Photo essay: Swiss photographer Nicolas Grospierre has spent the last 15 years meticulously documenting Modernist architecture across five continents, a process that has turned him into an "obsessive collector" (+ slideshow).
For Grospierre, Modernism embodied one of the "most beautiful ideals of mankind: progress". But in this exclusive essay for Dezeen, the Warsaw-based photographer discusses how his images of the movement's now dilapidated concrete-formed churches, Soviet housing estates and various saucer-shaped structures show its failure.
Grospierre has whittled down his collection to create the book Modern Forms: A Subjective Atlas of 20th Century Architecture, an encyclopaedic volume of closely cropped architectural images arranged by form rather than location.
Its launch coincides with an exhibition at the Architectural Association in London between 30 April and 28 May 2016.
Modern Forms is the synthesis of 15 years of my photographing Modernist architecture. However, the origin of this set of photographs was quite tortuous.
When I started to photograph architecture, I would focus on one particular building to try to document it extensively and make closed series of photographs dedicated to these particular buildings – some of which are found in Modern Forms.
I made a few series on some Soviet Modernist structures, which seemed to me extraordinary on many levels, and socialist Modernism constitutes perhaps the core of my architectural photography.
Later, I moved on to a different type of photography, using the photographic medium in more conceptual and spatial works. But I continued, in parallel, to photograph Modernist buildings on a regular basis, although I did not consider these photographs to be specific series and they would usually end up in my drawer.
Looking back at this practice, it looks as if I have been photographing Modernist architecture intensively, sometimes even obsessively, in the manner of a collector feeling the unrestrainable urge to add yet another piece to his collection.
I realised a couple of years ago that, in this manner, I had constituted a huge photographic archive, spanning five continents and which I estimate to contain the photographs of about 500 structures.
I thought therefore I should try to give sense to this archive. The problem was that the buildings photographed were all different: different styles, different architects, different functions, different countries. Even the format of the pictures was different: sometimes square, sometimes landscape, sometimes portrait.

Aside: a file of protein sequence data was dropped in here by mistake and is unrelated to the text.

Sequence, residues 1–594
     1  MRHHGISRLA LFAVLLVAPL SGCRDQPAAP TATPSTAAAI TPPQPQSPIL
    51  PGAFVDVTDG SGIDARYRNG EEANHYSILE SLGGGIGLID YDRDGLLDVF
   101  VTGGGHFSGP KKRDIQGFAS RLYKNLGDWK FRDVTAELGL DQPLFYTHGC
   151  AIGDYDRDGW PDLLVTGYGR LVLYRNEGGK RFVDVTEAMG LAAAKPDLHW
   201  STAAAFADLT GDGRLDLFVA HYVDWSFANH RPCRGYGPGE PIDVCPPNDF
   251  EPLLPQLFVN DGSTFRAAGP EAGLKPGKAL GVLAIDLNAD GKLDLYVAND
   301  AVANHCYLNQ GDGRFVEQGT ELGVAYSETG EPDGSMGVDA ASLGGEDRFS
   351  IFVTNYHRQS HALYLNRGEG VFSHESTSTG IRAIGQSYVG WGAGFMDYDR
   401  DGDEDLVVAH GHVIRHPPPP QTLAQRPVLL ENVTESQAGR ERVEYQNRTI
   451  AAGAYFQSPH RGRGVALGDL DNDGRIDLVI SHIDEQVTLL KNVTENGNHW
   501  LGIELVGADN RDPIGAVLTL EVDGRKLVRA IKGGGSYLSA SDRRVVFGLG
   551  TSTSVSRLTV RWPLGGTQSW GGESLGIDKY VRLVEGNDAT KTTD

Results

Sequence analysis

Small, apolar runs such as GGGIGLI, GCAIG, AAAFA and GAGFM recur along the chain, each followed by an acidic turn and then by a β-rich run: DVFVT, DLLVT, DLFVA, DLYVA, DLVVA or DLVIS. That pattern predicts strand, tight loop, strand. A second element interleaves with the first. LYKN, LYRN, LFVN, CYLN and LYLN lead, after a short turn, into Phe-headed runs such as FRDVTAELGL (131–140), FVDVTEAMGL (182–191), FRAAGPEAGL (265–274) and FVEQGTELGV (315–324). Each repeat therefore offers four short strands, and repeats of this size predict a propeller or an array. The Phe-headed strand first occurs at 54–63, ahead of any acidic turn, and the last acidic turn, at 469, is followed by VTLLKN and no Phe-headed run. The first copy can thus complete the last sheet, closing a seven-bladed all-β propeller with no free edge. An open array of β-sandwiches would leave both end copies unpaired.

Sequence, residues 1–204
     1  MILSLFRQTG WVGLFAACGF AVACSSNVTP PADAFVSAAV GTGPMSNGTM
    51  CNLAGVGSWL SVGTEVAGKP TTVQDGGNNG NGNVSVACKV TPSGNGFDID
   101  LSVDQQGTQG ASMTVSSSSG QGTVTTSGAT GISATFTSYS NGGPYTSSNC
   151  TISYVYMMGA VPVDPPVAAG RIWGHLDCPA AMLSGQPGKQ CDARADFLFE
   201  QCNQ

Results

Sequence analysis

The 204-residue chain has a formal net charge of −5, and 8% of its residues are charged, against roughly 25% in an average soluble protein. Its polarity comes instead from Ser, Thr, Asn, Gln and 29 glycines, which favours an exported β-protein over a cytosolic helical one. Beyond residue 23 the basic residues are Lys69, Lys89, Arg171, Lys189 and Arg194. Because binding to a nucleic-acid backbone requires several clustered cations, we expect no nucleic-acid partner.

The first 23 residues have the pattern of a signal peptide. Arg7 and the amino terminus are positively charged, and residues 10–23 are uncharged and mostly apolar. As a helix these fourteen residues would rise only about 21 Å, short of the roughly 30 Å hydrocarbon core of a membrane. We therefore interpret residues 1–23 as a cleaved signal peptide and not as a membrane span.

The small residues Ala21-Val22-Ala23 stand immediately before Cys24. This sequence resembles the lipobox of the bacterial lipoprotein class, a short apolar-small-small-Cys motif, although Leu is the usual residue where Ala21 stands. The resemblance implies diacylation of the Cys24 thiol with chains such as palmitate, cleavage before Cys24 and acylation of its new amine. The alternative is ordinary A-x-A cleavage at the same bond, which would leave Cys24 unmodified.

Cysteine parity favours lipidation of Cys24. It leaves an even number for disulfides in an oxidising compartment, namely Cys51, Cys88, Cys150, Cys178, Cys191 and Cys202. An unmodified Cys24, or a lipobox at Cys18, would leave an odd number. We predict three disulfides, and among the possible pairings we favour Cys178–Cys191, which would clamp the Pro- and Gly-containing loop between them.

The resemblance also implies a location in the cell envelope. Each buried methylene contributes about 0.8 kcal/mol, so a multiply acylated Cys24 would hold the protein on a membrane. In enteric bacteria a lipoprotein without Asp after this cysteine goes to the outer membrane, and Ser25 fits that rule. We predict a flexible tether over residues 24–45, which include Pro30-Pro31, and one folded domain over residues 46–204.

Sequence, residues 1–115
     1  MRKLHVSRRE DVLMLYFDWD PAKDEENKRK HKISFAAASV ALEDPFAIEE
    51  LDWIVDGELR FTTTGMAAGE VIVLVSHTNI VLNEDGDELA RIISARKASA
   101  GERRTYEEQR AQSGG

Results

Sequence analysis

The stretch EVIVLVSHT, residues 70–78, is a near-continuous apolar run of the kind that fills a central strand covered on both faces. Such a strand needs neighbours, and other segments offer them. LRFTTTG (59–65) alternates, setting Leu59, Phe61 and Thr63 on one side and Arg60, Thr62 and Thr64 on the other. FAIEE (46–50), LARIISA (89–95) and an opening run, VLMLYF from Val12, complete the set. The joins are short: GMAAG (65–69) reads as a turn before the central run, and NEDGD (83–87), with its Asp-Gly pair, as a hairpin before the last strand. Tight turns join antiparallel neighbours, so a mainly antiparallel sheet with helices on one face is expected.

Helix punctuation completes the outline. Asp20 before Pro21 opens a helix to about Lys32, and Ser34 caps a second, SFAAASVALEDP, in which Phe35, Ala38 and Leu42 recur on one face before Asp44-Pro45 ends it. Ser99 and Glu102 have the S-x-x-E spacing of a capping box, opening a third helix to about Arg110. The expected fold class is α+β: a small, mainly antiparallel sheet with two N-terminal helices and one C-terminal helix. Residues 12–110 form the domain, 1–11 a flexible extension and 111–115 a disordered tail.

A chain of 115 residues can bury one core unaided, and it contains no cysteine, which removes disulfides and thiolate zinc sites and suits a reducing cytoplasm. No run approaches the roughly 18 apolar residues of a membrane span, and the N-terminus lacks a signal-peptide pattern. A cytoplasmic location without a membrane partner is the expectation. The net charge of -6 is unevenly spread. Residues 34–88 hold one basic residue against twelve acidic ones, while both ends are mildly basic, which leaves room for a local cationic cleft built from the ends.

It came thus to me that the key to this archive should come from what makes the buildings different, i.e. their shapes. I therefore imagined that a good way to organise the archive would be to create a gradient of forms, starting from one, arbitrary form, and gradually moving on to the next, until all the shapes have been exhausted and one comes back to the form which started the cycle.
Since the subtitle of the book is that of an atlas, I felt it necessary to make the series come back to its starting point, the loop in this context being the adequate metaphor of the cyclicality of any atlas.
The gradient is a visual device which I like particularly, as it gives order to things which would otherwise look chaotic in their profusion, and also enables to perceive the varied ways visual phenomena develop.
In this particular case, it had the advantage of showing something that perhaps is sometimes overlooked: the universality of Modernist architecture, and how this architecture used a language which can be found in practically any country, in spite of the erroneous opinion to consider one style of architecture absolutely typical of one country.
In this perspective, the pride stemming from the fact that one building is found in one country is simply absurd, because a very similar building could be located anywhere else. This aspect is, among other things, one of the reasons why I feel so attracted to Modernist architecture.
But apart from this Modernist cosmopolitanism, I feel, first and foremost, that Modernism in architecture was the physical embodiment of one of the most beautiful ideals of mankind: progress.
In architecture, it meant to create buildings that would make a better life for the common man. We know, of course, that this ideal failed.
And not only did it fail in its political or ideological dimension, but it even failed practically, as many of these buildings proved to be utopian and sometimes alienating, in their everyday use. This is perhaps especially true in the architecture of the former socialist camp.
But to my eyes, this does not disqualify progress, on a philosophical level. It is perhaps because progress was an erroneous ideal from the very start, that makes it even more beautiful.
There is great generosity in this ideal, the belief that man can perfect himself, that has been lost and I must say I long for the time when we could still believe in it. Paradoxically, all that remains of this, in architecture, are the Modern forms. For me, their boldness, and expressive shapes, are the reflection of the boldness of this optimism.
Modern Forms, from this perspective, can be read as a fascination for Modernism, bearing in mind its downfall, but definitely also its beauty.